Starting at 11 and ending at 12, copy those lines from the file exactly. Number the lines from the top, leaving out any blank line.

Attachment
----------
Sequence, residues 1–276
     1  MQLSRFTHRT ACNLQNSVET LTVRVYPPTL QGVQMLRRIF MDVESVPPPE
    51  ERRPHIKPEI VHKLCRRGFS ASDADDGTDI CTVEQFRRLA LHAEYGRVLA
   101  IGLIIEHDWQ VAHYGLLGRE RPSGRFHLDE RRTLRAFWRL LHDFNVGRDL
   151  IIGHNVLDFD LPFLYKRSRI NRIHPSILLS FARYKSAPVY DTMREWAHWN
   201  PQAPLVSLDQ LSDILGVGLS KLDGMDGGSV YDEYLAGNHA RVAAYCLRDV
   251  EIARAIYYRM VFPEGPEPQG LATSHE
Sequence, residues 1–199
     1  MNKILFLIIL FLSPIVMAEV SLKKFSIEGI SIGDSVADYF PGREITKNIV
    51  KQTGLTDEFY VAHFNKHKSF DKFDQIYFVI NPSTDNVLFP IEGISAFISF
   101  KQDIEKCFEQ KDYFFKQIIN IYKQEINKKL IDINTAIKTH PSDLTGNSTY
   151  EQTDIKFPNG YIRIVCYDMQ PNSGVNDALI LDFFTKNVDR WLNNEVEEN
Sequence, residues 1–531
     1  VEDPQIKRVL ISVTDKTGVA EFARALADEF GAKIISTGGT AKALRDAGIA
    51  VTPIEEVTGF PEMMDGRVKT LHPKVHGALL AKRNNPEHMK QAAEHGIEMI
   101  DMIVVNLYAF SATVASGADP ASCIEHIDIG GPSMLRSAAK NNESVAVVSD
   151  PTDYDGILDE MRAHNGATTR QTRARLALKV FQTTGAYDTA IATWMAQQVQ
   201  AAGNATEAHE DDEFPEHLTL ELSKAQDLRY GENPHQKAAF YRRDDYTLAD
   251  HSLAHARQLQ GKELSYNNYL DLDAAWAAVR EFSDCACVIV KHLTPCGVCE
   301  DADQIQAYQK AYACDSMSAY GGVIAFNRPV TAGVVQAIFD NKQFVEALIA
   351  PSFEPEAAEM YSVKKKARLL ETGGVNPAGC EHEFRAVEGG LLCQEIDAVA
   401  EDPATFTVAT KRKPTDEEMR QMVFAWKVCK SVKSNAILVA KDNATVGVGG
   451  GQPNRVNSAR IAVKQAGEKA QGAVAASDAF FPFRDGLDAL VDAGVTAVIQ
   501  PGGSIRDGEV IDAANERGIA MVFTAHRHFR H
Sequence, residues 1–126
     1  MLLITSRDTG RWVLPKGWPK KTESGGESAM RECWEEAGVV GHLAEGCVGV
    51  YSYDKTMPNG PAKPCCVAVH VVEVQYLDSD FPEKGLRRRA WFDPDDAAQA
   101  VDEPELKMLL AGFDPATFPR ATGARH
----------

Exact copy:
   101  KQDIEKCFEQ KDYFFKQIIN IYKQEINKKL IDINTAIKTH PSDLTGNSTY
   151  EQTDIKFPNG YIRIVCYDMQ PNSGVNDALI LDFFTKNVDR WLNNEVEEN